Free Knowledge and Commons Perspectives for Industrial Production
The advocates of mass production have identified the superior efficiency of the large corporation with its control over the external environment. But before we continue, let us draw a quick summary of the shortcomings of the large scale industrial model.
- Planned obsolescence: products of too high quality make their consumption decline. Nowadays most consumer goods are designed for a limited number of years. GM designer Harley Earl in the 1950s confessed: “My Job is to hasten obsolescence. I’ve got it down to 2 years; now when I get it down to one year, I’ll have a perfect score.”
- Increasing (process) innovations lead to increased productivity, which would be excellent as it means less work we have to do for producing the same output. But no, this causes a serious problem in our socio-economic model, as it leads to less jobs;
- concentrations of capital and power tend to lead to distortion of political and social processes;
- profit maximisation leads to neglect negative externalities (violence, pollution, …)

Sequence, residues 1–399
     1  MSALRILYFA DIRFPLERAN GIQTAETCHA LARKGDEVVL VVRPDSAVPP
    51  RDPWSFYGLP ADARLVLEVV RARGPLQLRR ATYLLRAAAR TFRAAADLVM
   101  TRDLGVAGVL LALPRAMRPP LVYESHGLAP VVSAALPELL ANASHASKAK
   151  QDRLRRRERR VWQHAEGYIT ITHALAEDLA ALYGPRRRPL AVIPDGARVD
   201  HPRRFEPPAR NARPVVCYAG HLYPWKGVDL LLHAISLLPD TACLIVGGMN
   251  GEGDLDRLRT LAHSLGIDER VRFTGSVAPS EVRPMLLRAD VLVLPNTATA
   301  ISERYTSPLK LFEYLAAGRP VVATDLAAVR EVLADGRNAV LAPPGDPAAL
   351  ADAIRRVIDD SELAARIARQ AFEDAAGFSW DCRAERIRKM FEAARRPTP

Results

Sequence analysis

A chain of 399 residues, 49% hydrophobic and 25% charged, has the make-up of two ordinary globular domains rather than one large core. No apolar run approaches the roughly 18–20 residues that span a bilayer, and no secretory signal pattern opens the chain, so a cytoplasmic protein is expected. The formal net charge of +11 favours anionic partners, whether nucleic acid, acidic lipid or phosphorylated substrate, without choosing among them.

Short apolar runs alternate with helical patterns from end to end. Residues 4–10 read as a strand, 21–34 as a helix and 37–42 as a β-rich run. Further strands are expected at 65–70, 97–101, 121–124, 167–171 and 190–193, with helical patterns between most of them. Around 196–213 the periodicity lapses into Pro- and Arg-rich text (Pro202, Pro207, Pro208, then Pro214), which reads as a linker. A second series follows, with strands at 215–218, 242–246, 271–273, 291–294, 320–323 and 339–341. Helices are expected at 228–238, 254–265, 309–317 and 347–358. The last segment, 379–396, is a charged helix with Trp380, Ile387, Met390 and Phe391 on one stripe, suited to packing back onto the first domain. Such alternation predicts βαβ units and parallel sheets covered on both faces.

- non-alignment of interests between producers and customers (agency costs): car makers nowadays make most profit in after-sales: they have an incentive to limit reparation to their licensed car repair centres. This results in strategies for non-standard products that are hard to repair by others. Legislators can soften this tendency. As an example we can take the EC’s recent move to enforce standard power plugs for mobile phones.
Imagine manufacturers would make products that were compatible with those of their competitors. That could lead to increased competition, easier repair, reuse, the emergence of industrial networks.
Complete article: Free Knowledge and Commons Perspectives for Industrial Production